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St. Machans Parish/Larkhall Parish Church, Larkhall

 
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David McNay
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Joined: 14 Dec 2006
Posts: 11411
Location: Lanarkshire, Scotland

PostPosted: Mon Jun 11, 2007 12:49 am    Post subject: St. Machans Parish/Larkhall Parish Church, Larkhall Reply with quote

The sign at this church states it is St Machans, but the memorial says Larkhall Parish. Perhaps there has been an amalgamation in the past. I only photographed one side as the gates were shut. Perhaps there are St Machans names on the other side. Anyone from Larkhall on here who can confirm this?

IMG_1979 by Scottish Military Research Group, on Flickr
IMG_1980 by Scottish Military Research Group, on Flickr
IMG_1981 by Scottish Military Research Group, on Flickr
IMG_1982 by Scottish Military Research Group, on Flickr

First World War names:

IMG_1983 by Scottish Military Research Group, on Flickr
IMG_1984 by Scottish Military Research Group, on Flickr

Second World War:

IMG_1985 by Scottish Military Research Group, on Flickr


Last edited by David McNay on Sun Jul 02, 2017 3:28 pm; edited 1 time in total
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spoons



Joined: 09 Jan 2007
Posts: 4991
Location: St John's Town of Dalry

PostPosted: Mon Jun 11, 2007 9:20 am    Post subject: Reply with quote

There are 3 parishes in Larkhall - Chalmers, St Machan's and Trinity - authority http://www.churchofscotland.org.uk/contact/contactmap17.htm#L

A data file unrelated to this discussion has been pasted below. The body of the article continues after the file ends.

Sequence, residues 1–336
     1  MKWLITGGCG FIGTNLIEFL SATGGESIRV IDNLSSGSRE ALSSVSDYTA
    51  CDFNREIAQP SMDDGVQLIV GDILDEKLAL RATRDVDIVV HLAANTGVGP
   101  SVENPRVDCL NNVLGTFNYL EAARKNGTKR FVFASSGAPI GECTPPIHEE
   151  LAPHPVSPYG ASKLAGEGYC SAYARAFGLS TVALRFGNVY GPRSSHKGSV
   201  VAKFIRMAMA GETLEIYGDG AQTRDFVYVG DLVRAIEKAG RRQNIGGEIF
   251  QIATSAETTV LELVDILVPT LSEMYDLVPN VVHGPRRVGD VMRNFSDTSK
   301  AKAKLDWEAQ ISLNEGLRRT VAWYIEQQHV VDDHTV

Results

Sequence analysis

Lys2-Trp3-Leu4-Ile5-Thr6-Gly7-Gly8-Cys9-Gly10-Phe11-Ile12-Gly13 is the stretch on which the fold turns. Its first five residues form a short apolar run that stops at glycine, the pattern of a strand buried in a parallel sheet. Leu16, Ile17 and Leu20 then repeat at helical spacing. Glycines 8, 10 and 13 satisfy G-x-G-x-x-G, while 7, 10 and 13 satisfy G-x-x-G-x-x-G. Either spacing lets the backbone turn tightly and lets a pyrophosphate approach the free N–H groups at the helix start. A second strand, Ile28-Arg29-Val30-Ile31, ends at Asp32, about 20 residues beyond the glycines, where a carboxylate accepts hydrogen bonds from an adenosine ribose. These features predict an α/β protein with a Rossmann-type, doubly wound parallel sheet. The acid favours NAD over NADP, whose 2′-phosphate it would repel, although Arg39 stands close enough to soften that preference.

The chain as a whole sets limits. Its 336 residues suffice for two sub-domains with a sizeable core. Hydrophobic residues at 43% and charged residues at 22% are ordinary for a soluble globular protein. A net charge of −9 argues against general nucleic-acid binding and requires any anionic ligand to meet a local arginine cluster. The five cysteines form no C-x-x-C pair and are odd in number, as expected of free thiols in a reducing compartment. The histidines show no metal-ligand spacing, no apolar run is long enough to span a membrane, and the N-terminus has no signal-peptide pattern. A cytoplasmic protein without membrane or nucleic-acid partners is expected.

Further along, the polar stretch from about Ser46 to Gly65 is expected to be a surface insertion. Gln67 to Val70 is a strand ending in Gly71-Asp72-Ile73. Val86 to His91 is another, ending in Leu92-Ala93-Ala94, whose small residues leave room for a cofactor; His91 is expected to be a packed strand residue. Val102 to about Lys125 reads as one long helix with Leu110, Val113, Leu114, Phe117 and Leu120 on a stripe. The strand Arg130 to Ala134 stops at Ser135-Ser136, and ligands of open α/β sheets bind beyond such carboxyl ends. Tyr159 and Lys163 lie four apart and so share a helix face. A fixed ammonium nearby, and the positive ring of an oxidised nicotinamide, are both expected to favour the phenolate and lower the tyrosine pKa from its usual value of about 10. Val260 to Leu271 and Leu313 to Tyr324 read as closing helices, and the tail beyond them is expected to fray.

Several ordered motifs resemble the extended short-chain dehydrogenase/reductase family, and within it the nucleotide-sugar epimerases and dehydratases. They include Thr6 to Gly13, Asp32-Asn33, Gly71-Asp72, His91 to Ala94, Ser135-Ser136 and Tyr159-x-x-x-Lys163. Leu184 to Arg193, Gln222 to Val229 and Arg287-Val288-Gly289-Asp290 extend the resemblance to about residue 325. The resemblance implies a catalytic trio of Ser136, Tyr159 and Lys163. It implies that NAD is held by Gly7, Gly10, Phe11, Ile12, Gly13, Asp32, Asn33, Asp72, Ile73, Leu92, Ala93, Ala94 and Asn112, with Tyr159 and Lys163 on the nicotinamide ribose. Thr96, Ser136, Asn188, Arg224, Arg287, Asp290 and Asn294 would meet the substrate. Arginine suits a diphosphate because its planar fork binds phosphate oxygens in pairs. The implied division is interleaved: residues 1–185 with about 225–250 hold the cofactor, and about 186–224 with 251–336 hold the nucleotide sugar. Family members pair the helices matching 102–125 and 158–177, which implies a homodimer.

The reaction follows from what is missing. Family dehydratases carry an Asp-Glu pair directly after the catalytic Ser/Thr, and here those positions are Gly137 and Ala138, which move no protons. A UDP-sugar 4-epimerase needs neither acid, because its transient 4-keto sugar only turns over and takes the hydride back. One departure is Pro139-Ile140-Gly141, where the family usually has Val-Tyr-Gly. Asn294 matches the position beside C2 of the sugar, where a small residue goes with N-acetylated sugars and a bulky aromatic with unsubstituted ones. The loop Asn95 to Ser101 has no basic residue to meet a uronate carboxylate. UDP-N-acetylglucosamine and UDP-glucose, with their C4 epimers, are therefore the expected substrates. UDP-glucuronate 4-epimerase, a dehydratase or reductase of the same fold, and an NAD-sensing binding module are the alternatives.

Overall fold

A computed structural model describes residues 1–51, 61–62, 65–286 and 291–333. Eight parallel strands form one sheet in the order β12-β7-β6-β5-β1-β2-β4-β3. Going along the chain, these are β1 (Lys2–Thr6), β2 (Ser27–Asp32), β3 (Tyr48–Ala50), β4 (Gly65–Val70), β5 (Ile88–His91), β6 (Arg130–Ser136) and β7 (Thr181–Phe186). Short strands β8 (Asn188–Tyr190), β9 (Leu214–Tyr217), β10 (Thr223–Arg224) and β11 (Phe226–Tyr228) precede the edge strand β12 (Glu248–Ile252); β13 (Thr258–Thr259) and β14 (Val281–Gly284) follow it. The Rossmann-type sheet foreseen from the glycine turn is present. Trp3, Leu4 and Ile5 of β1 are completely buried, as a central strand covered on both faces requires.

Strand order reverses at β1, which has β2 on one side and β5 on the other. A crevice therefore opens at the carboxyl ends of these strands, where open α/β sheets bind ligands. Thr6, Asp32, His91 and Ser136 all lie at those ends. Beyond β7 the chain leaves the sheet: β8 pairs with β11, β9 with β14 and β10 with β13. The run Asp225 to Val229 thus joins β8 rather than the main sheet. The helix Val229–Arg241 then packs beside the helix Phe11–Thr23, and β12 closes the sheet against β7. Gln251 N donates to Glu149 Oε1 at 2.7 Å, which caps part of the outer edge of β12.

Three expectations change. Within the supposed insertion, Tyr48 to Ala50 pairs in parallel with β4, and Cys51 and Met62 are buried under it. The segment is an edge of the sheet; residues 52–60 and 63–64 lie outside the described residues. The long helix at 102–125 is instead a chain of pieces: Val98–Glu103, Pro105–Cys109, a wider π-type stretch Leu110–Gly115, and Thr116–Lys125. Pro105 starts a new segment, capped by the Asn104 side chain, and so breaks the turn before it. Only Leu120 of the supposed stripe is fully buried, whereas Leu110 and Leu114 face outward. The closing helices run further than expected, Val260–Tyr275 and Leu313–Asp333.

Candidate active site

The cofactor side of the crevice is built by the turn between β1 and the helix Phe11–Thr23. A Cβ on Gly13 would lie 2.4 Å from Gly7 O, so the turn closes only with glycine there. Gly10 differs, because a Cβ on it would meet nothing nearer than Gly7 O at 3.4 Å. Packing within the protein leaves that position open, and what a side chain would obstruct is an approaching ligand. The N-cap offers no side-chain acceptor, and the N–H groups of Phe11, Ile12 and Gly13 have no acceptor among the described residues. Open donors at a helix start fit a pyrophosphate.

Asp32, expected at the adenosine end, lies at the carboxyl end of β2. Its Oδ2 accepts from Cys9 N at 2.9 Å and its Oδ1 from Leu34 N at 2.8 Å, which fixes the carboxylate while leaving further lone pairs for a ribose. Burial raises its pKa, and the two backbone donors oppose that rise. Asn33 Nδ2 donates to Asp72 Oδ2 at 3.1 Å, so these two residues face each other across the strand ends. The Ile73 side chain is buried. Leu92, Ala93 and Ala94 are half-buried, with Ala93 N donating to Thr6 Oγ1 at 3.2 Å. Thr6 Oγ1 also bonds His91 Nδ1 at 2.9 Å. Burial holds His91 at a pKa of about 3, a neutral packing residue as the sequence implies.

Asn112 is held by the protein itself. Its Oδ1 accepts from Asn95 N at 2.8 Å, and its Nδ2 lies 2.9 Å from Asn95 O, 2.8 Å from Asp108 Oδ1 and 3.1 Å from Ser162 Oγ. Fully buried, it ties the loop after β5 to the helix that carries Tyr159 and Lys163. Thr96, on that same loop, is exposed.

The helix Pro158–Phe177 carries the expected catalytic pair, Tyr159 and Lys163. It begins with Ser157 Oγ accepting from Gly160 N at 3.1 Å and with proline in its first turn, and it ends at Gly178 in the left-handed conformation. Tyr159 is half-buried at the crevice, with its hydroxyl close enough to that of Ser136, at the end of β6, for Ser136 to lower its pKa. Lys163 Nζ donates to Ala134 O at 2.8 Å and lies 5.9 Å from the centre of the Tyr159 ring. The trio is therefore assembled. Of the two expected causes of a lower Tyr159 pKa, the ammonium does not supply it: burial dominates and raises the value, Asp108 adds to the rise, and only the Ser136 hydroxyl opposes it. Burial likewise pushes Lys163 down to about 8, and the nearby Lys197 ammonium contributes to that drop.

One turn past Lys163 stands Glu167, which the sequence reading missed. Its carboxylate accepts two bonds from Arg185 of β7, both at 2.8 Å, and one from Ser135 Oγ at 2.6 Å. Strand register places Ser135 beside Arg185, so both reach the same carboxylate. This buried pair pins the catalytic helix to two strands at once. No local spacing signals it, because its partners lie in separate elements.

Does that help?
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Adam Brown
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Location: Edinburgh (From Sutherland)

PostPosted: Sat Jun 27, 2009 9:51 pm    Post subject: Re: St. Machans Parish/Larkhall Parish Church, Larkhall Reply with quote

David McNay wrote:
The sign at this church states it is St Machans, but the memorial says Larkhall Parish


In 1929 Larkhall Parish Church was renamed St Machan's when the Church of Scotland and United Free Church merged.

Adam
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Tom Lang



Joined: 09 Jun 2011
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PostPosted: Sat May 15, 2021 9:40 pm    Post subject: Reply with quote

spoons wrote:
There are 3 parishes in Larkhall - Chalmers, St Machan's and Trinity - authority http://www.churchofscotland.org.uk/contact/contactmap17.htm#L
Does that help?


Scottish Counties and Parishes
************************
The National Library of Scotland explains "Scottish Counties and Parishes: their history and boundaries on maps" much better than I can.
See:
https://maps.nls.uk/geo/boundaries/history.html

Their web page provides a very detailed history and description of a parish as "... derives from the Greek para, 'beside', and oikos, 'a dwelling', and was applied by the Normans to ecclesiastical districts having a minster type of church".

The article continues:
"In the reign of David I (1124-53), the erection of parochial churches was made an act of deliberate policy, as was the compulsory exaction of teind (tithe) from the lands served by a church. In more southern areas of Scotland, and up the east coast, the connection between Norman land ownership and parishes was often quite strong (with parochial lands granted to feudal Norman lords), but in other areas, older boundaries influenced the pattern".